The role of the HMGB1/TLR signaling pathway in the pathogenesis of lupus nephritis


lupus nephritis, HMGB1 protein, Toll-like receptor, immunity

How to Cite

Wei, L., Liu, S., Zhao, Q., Wang, Y., & Lv, J. (2023). The role of the HMGB1/TLR signaling pathway in the pathogenesis of lupus nephritis. American Journal of Translational Medicine, 7(2), 78–85. Retrieved from


Lupus nephritis (LN) is an immune complex-mediated inflammatory renal manifestation and one of the most serious complications of systemic lupus erythematosus. Clinical diagnosis of LN mainly relies on renal biopsy, and it is one of the main causes of end-stage renal disease. In the process of LN, abnormal apoptosis of cells is accompanied by the failure of apoptosis products, leading to the constant exposure of antigens, continuous activation of immune responses, and production of antibodies. The pathogenesis of this disease remains unclear. Genetic defects, epigenetic modification anomalies, and environmental factors are the common etiology of the disease. HMGB1 is a nuclear protein that binds to DNA and acts as an architectural chromatin-binding factor. It can also be released from cells, and the extracellular form binds the inflammatory receptor for advanced glycation end-products (RAGE) and Toll-like receptors (TLRs). In this paper, the pathogenesis of LN is discussed from the perspective of natural and acquired immunity, and the roles of HMGB1, TLRs, and the HMGB1/TLR4 pathway in the pathogenesis of LN are analyzed with the aim of proposing new ideas for treatment improvement.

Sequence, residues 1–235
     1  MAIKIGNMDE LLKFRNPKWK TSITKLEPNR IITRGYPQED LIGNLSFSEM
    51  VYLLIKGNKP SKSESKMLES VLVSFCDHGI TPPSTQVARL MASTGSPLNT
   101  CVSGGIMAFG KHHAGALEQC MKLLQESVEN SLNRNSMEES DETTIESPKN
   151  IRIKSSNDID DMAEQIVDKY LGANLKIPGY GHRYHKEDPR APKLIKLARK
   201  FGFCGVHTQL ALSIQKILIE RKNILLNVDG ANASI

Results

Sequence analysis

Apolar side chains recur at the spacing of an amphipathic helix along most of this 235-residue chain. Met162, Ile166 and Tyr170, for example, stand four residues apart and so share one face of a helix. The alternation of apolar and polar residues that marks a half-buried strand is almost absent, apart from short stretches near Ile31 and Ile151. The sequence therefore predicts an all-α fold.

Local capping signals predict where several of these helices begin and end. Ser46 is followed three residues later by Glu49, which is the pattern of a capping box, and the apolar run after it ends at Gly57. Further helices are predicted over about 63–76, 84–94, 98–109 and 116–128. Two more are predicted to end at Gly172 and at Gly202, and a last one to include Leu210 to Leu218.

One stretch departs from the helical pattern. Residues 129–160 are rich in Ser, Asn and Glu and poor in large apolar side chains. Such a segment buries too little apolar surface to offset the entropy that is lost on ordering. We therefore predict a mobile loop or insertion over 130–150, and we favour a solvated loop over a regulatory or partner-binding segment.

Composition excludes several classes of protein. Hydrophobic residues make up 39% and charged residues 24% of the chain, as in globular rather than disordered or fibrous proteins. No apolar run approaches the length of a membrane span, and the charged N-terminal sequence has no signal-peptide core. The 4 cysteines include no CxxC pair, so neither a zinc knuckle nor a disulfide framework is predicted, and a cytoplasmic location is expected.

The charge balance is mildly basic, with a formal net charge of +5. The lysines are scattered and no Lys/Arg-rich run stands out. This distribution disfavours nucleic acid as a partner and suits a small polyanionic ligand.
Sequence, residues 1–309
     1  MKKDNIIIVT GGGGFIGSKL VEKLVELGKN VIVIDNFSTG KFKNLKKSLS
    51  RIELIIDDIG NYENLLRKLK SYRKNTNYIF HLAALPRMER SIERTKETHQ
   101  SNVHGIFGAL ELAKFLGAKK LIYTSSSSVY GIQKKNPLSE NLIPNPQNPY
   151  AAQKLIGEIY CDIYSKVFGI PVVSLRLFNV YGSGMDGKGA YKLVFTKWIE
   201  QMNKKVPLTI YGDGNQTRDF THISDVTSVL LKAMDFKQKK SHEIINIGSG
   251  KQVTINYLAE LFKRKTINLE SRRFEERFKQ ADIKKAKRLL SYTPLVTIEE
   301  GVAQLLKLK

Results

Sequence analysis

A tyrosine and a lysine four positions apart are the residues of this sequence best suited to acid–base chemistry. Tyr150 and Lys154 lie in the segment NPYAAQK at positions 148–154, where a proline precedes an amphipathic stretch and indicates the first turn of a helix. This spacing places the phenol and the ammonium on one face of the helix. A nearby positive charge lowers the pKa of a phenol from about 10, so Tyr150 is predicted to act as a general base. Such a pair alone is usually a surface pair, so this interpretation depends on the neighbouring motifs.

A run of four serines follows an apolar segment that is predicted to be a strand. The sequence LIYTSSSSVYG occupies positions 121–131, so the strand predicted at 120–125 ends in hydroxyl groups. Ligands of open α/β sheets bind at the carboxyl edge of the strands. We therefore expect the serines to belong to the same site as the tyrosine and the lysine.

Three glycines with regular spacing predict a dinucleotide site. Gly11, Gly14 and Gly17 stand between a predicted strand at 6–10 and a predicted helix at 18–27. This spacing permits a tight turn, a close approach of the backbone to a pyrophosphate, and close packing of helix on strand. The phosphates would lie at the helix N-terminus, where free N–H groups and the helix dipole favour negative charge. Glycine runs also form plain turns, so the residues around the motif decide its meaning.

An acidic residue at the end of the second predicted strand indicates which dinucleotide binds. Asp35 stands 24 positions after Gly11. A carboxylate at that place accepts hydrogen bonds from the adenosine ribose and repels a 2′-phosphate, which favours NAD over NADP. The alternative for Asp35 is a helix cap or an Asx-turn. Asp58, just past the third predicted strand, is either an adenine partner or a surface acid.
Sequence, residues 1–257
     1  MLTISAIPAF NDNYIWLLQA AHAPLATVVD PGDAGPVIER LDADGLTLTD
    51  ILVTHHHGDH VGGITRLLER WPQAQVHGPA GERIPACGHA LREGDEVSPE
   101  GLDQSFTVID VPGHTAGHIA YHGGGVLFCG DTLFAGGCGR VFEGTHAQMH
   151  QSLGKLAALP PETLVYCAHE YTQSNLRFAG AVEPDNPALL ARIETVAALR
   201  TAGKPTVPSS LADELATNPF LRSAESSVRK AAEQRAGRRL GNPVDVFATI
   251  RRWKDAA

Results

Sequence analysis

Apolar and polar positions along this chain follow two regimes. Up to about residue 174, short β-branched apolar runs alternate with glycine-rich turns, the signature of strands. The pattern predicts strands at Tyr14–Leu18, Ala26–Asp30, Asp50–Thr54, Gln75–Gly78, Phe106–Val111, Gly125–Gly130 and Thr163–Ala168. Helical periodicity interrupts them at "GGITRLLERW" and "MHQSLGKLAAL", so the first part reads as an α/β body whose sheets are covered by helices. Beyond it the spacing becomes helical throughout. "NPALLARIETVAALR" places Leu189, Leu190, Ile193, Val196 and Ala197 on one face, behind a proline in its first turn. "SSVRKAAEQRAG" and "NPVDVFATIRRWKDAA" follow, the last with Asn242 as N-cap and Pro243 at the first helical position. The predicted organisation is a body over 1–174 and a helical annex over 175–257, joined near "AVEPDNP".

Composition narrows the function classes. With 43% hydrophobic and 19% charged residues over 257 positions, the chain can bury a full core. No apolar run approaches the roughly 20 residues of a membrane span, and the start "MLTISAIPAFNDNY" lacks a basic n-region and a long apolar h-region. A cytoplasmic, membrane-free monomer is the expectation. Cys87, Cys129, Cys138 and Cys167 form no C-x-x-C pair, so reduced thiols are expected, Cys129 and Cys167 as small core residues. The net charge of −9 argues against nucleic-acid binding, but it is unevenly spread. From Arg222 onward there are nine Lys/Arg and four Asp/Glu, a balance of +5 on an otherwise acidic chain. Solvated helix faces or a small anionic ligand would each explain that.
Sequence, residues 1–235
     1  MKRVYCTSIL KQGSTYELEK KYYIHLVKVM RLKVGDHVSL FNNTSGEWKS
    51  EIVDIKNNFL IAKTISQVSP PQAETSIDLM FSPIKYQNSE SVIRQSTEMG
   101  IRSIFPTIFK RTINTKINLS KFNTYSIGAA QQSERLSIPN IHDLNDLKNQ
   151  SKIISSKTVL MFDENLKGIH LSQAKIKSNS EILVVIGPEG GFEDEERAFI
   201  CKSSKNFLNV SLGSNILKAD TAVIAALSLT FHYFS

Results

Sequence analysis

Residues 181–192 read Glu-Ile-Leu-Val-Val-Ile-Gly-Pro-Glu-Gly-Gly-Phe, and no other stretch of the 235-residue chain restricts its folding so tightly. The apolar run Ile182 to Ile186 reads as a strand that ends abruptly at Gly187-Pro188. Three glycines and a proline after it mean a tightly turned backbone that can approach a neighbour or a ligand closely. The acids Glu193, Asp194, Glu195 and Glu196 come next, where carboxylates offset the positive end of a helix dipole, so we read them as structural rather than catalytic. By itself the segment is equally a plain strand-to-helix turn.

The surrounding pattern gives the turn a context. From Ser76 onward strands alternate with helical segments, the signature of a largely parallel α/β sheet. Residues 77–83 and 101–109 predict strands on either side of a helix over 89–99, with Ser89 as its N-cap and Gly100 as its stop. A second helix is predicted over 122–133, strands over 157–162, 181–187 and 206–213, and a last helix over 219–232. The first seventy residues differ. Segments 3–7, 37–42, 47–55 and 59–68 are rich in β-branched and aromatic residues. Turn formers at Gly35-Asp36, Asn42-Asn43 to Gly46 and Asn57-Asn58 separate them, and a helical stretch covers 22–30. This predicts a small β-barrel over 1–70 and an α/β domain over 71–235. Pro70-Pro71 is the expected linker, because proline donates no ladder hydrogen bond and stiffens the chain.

Am J Transl Med 2023. 7(2): 78-85